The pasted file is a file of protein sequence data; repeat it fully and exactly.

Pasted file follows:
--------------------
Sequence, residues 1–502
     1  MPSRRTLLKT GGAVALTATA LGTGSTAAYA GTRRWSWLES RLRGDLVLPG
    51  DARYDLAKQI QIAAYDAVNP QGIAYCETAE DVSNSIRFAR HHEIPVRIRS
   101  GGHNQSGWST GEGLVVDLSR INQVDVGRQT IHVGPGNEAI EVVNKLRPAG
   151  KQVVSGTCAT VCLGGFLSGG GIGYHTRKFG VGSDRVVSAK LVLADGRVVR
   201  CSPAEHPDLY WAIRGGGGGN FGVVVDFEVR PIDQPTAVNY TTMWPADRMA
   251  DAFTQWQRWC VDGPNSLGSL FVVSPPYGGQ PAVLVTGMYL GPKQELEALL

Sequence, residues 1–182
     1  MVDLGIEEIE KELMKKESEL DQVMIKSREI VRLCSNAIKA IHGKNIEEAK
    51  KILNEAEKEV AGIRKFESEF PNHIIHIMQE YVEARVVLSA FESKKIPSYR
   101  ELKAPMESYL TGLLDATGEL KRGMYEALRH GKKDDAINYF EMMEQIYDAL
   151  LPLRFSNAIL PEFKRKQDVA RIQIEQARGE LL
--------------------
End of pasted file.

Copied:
Sequence, residues 1–502
     1  MPSRRTLLKT GGAVALTATA LGTGSTAAYA GTRRWSWLES RLRGDLVLPG
    51  DARYDLAKQI QIAAYDAVNP QGIAYCETAE DVSNSIRFAR HHEIPVRIRS
   101  GGHNQSGWST GEGLVVDLSR INQVDVGRQT IHVGPGNEAI EVVNKLRPAG
   151  KQVVSGTCAT VCLGGFLSGG GIGYHTRKFG VGSDRVVSAK LVLADGRVVR
   201  CSPAEHPDLY WAIRGGGGGN FGVVVDFEVR PIDQPTAVNY TTMWPADRMA
   251  DAFTQWQRWC VDGPNSLGSL FVVSPPYGGQ PAVLVTGMYL GPKQELEALL

Sequence, residues 1–182
     1  MVDLGIEEIE KELMKKESEL DQVMIKSREI VRLCSNAIKA IHGKNIEEAK
    51  KILNEAEKEV AGIRKFESEF PNHIIHIMQE YVEARVVLSA FESKKIPSYR
   101  ELKAPMESYL TGLLDATGEL KRGMYEALRH GKKDDAINYF EMMEQIYDAL
   151  LPLRFSNAIL PEFKRKQDVA RIQIEQARGE LL